Police officers stand guard outside a New York City Police Department substation in Times Square Dec. 22, 2014. 
Andrew Burton/Getty Images

New York City teens ages 16 and 17 who get arrested for nonviolent, petty crimes will be given the opportunity to forgo appearing before a judge and having the citation appear on their record, and instead opt into a “diversion program” that will require them to do community-service hours, counseling or a rehabilitating session with a court of their peers, the New York Daily News reports.

It’s not a new idea—programs like this already exist—but it’s the first of its kind in New York City. It will debut in two city precincts next month: Harlem’s 25th Precinct and Brooklyn’s 73rd Precinct in Brownsville.

The program is ideal for teens who slipped up and committed a minor crime; soon they won’t have to worry about criminal charges appearing on their records, especially now, while many of them are in the middle of applying for schools and jobs, authorities said.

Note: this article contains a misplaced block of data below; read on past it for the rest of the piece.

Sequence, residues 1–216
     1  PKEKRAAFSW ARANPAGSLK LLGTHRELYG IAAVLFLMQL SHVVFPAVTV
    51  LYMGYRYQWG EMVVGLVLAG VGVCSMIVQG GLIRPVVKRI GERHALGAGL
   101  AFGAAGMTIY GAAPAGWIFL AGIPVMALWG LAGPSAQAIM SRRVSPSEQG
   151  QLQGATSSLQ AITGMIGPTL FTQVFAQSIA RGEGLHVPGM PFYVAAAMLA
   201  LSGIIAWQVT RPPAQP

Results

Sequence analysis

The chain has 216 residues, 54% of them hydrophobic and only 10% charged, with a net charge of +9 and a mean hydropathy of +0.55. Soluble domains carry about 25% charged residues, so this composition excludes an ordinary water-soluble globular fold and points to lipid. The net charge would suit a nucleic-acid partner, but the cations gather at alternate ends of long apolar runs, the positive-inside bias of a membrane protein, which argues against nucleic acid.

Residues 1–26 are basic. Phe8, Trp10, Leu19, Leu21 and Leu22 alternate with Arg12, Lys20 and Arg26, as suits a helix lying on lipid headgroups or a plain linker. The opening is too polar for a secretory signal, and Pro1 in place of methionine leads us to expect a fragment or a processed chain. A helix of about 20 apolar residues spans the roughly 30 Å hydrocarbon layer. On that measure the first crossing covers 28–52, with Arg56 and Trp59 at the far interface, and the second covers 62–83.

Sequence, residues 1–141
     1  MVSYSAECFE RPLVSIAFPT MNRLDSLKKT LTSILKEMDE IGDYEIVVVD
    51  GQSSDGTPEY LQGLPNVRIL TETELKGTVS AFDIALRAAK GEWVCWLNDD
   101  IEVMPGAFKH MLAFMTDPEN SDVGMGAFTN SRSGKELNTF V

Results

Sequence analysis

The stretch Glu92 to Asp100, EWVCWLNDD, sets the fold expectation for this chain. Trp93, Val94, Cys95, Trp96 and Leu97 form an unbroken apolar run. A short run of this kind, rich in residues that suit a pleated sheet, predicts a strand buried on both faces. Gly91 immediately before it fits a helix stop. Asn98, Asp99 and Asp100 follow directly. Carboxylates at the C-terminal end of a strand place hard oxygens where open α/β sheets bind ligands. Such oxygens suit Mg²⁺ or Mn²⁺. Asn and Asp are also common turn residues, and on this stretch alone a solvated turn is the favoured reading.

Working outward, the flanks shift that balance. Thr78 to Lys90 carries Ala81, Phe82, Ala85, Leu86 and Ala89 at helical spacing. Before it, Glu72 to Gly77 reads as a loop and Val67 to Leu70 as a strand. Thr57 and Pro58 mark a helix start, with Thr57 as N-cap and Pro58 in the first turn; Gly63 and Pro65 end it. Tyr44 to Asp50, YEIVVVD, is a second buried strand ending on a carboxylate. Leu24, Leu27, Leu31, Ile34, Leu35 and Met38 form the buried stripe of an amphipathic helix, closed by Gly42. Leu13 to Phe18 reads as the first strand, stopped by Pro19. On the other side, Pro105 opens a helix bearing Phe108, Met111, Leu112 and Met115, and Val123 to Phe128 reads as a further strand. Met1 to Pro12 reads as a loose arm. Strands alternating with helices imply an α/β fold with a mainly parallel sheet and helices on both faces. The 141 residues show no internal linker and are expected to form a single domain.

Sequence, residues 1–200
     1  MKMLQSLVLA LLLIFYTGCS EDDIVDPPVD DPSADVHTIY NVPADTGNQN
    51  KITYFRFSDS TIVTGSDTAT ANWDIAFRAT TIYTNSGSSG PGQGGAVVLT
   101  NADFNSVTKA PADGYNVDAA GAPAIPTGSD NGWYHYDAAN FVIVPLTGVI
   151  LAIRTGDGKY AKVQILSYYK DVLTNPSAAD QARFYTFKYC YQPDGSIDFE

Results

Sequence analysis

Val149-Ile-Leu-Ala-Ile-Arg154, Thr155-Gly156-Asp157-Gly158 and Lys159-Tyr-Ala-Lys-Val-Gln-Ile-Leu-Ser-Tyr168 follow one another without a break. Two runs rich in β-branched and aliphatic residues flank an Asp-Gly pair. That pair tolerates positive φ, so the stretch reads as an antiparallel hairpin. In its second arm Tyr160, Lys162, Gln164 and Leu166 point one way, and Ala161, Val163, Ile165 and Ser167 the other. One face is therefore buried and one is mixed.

"The hope is that for the young person, it's a less intimidating process but more educational, meaningful and positive," Susan Herman, the New York City Police Department's deputy commissioner for collaborative policing, told the Daily News. "For the criminal-justice agencies, it saves time and resources while still addressing accountability."

Brooklyn District Attorney Ken Thompson, who discussed launching such a program soon after he took office last year, according to the Daily News, said, "Any of these young people who commit these offenses can be saved, and that's what this program is all about."

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Read more at the New York Daily News.